The critical and commercial reaction to Yakuza 0 changed a lot of mindsets at Sega and overwhelmed the calendars at Sega of America. Suddenly, Yakuza was not just something they do every so often — now, Yakuza was a priority. According to Stebel, the publisher was looking toward its localization branch in hopes of doing more with Yakuza and doing it quickly.
“Sega of Japan and the RGG studio [Ryu Ga Gotoku is the Japanese name of the Yakuza series, and translates roughly to “Like a Dragon”] team really started trusting our team more and more with the localization process. We just wanted to get western fans caught up,” Stebel explains.
Since Yakuza 0 released in America in 2017, Sega has released two remakes, three remasters with entirely new localizations, a new main series title, a spin-off with an optional English dub (for the first time since 2005), and an upcoming main series title — Yakuza: Like a Dragon — that launches in November. It is an understatement to say that the team has been busy even before pointing out that they are still not completely caught up.
Localizing each game is a gargantuan task for Sega of America, with English versions often releasing a year or more after their eastern counterparts. Yakuza 0 and Yakuza 5 each have scripts with around two million Japanese characters, which make up entire words or parts of words, and hundreds of difficult-to-translate jokes, concepts relating to Japanese-specific relationship dynamics, and more.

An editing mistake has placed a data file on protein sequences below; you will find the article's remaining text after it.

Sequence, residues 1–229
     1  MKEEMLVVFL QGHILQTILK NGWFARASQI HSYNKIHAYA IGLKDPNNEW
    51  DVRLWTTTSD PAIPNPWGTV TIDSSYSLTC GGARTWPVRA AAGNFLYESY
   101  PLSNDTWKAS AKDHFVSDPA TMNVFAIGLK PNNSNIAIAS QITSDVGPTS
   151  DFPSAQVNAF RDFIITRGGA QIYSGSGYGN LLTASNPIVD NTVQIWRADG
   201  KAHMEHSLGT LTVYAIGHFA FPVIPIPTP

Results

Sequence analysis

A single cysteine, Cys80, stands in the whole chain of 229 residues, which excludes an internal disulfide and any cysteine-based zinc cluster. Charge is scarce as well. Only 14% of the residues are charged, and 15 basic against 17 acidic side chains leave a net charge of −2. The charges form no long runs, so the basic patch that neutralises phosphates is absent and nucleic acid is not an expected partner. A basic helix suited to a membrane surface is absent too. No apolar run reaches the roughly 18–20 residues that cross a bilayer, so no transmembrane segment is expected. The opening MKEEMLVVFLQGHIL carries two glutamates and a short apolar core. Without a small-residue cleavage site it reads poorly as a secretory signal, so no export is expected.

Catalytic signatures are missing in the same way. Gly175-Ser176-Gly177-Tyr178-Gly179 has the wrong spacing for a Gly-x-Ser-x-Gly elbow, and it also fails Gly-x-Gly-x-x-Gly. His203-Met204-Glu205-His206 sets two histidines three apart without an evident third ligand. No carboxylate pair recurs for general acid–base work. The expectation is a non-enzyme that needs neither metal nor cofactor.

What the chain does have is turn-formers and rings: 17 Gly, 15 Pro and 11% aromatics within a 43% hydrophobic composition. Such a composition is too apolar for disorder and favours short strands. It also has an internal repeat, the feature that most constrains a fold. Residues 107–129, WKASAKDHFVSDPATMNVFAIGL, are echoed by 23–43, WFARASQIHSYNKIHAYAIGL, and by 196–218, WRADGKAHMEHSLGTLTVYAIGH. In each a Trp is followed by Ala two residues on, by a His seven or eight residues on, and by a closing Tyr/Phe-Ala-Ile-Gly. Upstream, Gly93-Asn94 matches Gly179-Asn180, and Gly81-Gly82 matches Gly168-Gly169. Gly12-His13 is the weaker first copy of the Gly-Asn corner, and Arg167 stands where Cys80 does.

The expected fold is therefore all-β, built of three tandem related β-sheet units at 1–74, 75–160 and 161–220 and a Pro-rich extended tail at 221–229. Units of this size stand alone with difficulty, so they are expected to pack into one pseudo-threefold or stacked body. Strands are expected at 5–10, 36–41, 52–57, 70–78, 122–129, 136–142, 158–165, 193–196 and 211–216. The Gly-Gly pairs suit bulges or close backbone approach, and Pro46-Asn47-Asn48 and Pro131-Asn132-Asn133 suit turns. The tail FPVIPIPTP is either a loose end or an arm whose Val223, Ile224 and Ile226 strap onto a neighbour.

The soon-to-be released Yakuza: Like A Dragon features a side quest in which an American character approaches the protagonist and begins speaking English, which the protagonist does not understand, causing unintended confusion for players using the title’s English voice track.
“I was playing the game,” Strichart describes, “And I'm like, oh no, this guy’s speaking English, this is an English thing. Then this crowd happened around my desk, like, haha, you know, Scott, you're gonna have to localize this, what are you gonna do?”
Strichart reached out to the developers in Japan with a request: “Acknowledge the fact that this is absurd and have a slow turn to the camera and a wink and a nod.” The developers animated this hard punch to the game’s fourth wall and sent it back with no issue.
While the series has certainly been more successful than ever, there are still hurdles left to overcome in the west.
“We've essentially added two audio languages, five text languages to subtitle tracks, and we're launching on five platforms at the same time,” Strichart begins, “so the next thing that has to happen in order to grow the franchise is simultaneous shipping. We can't sit around and wait to launch a title like six to nine months after the Japanese release and expect it to have the same kind of impact.”
Strichart notes that this is going to require significant cooperation with the Japanese studio and completely readjusting timelines, but believes that’s the inevitable next step for the series.
For older Yakuza fans, the future has never been more bright. It once looked like the series was doomed to obscurity, with every new entry locked to Japan. For new fans, the developers have worked to accommodate this sudden surge in popularity with new characters and stories.
The games have always nimbly navigated the middle ground between melodrama and ludicrousness, serving up histrionics right next to farcical adventures through Tokyo’s Red Light District. It seems only appropriate that the series has found its key to western success in those same kinds of middle grounds, between both old fans and new ones, through the herculean efforts of the localization team.
Yakuza: Like a Dragon launches for Xbox, PC, and PS4 on November 10.